Homelessness begets helplessness. Losing everything leads to losing yourself. It opens the door to nothing but, more of the same. In the downward spiral of feeling helpless to stop the storm rumbling through your life, sweeping away everything you once held onto or believed would keep you safe, you stand exposed to the harsh and bitter winds of hopelessness. And in that place, even when the shelter provides a roof over your head, even when you know there are three meals to count on every day. Even when you have a bed to sleep in, a chair to sit on, a locker to store your meagre belongings in, others to talk to in a community of people with your shared experience, you never feel safe. you never feel at home, because in being given everything you need to survive, you still do not have the one thing that will lead you home — a place to call your own. A place where you can lock the door, make yourself a cup of tea, butter a slice of toast and dream.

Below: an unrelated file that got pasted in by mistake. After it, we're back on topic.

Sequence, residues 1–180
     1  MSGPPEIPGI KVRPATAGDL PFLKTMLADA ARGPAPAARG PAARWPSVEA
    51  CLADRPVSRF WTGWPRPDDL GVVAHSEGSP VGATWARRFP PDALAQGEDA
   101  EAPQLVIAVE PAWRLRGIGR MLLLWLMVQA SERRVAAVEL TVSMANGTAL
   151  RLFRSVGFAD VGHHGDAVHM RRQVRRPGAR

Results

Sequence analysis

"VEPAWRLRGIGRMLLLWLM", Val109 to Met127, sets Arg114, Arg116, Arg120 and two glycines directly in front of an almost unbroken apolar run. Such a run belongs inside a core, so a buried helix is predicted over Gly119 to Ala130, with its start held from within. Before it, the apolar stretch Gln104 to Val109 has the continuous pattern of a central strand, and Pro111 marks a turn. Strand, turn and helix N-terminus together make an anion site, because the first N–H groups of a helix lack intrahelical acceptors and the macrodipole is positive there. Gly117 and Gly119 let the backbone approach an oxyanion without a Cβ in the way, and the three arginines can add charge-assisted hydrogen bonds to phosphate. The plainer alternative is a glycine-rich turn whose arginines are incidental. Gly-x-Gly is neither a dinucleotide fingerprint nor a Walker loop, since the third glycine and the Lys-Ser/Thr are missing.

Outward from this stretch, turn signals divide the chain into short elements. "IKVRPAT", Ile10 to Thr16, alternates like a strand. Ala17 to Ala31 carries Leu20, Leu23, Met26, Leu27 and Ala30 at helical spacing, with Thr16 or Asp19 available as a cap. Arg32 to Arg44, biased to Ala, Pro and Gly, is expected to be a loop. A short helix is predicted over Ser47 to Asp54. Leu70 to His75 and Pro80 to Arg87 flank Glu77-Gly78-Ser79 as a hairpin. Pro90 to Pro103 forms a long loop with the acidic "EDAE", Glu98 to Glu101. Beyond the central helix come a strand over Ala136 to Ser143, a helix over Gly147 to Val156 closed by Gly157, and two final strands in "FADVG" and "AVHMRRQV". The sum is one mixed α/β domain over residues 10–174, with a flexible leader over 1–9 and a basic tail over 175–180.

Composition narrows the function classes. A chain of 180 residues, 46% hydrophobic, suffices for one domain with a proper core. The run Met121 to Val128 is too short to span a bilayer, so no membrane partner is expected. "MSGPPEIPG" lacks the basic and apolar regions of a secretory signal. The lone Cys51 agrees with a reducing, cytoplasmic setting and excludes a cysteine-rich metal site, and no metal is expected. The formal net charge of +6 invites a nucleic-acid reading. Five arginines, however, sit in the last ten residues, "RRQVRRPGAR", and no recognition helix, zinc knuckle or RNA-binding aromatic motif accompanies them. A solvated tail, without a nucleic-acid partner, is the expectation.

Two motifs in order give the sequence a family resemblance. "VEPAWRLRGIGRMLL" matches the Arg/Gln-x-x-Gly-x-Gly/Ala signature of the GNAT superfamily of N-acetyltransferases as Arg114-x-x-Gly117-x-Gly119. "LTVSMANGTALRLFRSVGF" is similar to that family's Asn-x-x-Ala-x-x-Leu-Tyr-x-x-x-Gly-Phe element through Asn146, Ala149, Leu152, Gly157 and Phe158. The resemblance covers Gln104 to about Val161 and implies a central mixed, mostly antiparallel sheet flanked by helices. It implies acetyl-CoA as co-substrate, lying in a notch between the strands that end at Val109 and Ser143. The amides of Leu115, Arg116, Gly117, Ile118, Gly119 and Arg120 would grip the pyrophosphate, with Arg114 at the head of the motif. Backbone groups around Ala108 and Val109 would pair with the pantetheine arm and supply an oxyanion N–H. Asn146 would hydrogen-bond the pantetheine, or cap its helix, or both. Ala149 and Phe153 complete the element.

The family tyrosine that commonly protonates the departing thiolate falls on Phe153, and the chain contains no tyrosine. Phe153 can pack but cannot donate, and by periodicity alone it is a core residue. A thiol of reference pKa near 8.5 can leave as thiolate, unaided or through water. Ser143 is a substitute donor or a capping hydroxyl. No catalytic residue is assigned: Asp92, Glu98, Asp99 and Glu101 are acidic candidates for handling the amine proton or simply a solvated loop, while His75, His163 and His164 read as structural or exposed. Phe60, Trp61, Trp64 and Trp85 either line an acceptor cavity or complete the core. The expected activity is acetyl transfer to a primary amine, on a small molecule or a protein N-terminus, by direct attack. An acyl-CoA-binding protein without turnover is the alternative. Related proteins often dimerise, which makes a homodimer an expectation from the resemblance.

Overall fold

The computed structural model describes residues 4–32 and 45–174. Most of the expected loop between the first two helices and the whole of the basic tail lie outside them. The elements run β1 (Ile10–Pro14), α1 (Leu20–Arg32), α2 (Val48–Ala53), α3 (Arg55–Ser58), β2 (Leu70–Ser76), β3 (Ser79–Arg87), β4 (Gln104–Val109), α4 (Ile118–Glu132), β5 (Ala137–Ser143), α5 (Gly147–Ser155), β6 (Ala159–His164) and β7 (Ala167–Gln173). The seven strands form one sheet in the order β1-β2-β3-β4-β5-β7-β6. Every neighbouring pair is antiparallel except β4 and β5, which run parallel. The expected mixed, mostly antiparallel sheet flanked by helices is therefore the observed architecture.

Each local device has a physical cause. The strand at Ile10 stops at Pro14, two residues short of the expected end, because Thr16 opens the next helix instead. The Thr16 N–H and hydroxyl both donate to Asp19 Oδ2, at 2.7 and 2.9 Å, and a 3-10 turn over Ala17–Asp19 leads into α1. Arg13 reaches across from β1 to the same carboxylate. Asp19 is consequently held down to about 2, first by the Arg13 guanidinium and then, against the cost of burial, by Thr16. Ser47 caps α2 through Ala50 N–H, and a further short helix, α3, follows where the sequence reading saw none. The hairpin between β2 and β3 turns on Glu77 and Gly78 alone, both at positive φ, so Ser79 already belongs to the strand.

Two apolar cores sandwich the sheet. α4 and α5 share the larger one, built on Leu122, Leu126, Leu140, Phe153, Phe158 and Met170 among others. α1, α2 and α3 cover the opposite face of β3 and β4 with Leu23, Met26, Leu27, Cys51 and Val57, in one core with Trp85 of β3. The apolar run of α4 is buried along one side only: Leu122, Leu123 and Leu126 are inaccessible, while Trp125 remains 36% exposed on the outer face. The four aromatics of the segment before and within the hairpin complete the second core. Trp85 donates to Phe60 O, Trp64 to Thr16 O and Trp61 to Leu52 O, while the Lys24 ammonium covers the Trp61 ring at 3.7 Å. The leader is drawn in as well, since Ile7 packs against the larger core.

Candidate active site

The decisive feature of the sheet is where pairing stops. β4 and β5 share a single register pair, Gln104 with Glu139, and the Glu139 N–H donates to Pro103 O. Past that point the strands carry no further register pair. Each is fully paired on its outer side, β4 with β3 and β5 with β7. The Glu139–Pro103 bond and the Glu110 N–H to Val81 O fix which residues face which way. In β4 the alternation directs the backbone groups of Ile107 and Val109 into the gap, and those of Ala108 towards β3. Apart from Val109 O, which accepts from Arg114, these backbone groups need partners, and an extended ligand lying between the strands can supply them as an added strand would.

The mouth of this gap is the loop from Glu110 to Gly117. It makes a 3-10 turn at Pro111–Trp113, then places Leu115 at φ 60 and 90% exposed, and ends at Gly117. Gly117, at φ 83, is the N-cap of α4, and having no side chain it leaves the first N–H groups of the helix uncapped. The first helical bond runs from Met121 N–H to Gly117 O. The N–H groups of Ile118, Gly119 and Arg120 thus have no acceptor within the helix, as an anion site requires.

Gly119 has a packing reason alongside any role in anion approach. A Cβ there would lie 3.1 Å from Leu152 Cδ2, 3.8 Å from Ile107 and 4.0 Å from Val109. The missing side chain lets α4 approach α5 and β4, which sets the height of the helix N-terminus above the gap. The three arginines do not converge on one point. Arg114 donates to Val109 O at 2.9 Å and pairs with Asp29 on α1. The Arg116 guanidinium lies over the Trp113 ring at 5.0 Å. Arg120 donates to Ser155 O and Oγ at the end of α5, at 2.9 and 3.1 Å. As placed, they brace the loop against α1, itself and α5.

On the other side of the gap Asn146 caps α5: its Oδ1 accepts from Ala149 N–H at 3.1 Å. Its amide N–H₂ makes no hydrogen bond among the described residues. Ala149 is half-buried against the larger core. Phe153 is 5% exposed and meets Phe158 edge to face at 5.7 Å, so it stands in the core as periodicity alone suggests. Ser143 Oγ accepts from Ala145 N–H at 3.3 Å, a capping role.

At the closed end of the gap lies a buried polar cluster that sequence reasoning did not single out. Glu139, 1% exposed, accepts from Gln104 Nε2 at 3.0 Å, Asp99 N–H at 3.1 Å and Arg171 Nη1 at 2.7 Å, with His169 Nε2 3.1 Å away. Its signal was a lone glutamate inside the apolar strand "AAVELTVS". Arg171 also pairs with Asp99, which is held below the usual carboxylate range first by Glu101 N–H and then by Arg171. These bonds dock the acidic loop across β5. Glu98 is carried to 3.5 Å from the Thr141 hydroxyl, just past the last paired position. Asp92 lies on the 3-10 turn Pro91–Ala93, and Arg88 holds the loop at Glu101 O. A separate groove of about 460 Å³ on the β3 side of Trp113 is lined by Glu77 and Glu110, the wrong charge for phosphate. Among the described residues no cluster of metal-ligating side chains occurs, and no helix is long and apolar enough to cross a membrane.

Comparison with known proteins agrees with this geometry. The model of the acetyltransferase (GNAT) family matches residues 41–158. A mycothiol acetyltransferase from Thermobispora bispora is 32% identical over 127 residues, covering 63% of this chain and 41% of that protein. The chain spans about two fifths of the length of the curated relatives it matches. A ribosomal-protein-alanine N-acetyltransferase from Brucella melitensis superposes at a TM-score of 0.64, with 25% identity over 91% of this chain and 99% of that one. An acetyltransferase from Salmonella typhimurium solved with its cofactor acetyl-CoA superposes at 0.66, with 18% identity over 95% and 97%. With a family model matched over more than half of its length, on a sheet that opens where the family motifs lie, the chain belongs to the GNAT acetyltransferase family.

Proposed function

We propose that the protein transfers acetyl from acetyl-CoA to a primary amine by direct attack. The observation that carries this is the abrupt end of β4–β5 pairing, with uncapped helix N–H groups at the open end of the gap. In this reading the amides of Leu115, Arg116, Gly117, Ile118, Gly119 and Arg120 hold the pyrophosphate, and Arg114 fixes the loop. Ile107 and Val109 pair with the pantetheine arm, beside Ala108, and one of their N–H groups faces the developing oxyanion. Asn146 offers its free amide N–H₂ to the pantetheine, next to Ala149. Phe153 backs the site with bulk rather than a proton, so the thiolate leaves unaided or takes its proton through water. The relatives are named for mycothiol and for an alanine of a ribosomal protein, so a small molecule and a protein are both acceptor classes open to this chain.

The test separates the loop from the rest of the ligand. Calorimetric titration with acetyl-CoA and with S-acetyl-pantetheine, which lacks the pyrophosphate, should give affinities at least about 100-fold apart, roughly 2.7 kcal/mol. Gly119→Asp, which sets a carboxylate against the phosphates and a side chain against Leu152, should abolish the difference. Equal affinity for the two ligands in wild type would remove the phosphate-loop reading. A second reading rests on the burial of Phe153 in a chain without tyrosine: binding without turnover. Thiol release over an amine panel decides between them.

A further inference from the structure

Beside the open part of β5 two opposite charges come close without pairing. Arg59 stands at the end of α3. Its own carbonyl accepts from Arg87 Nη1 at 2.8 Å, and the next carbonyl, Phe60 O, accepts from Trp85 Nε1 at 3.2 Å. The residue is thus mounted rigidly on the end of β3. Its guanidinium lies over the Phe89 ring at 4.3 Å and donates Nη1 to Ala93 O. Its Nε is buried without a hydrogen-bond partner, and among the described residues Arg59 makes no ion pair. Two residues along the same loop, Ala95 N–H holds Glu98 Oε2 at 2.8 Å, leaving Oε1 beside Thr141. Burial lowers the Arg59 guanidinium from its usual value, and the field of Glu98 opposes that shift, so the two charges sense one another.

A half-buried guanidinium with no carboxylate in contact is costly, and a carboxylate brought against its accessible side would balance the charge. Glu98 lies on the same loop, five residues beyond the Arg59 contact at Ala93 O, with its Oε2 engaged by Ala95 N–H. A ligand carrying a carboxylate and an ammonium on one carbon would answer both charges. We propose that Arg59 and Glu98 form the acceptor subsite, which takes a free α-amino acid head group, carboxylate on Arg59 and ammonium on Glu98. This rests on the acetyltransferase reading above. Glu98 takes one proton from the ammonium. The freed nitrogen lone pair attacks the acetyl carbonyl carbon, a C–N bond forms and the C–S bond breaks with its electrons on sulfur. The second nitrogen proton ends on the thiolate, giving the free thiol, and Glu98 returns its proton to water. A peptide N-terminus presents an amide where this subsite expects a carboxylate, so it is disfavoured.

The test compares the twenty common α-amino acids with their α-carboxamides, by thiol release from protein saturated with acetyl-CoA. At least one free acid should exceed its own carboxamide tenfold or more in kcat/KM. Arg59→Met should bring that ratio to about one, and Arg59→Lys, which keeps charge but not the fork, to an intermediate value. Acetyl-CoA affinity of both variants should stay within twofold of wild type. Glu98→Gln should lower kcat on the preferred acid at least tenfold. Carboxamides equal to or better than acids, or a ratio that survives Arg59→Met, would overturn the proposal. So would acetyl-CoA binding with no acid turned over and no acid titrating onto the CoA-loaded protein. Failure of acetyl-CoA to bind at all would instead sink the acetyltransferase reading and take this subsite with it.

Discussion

When I was homeless and life stormed all around me, darkness was my companion. In the dark, I could pretend I couldn’t see what was happening. In the dark, I didn’t dream of the storm ending, because dreams always lead to awakening to the nightmare that was my life and I didn’t believe I’d ever awaken from the horror of what was happening. In my disbelief I held onto the dark where fear kept me still and held me fast in the hopelessness of its embrace.

It stormed last night and I awoke to thunder rumbling across the sky. In its passing I am left with the gift of today, the beauty of this place where I am grateful for the roof above my head. This place, where I know that to end homelessness we must first find a place to call home. A place where the nightmare of homelessness ends and dreams begin again.

Celebrating 27 years of life.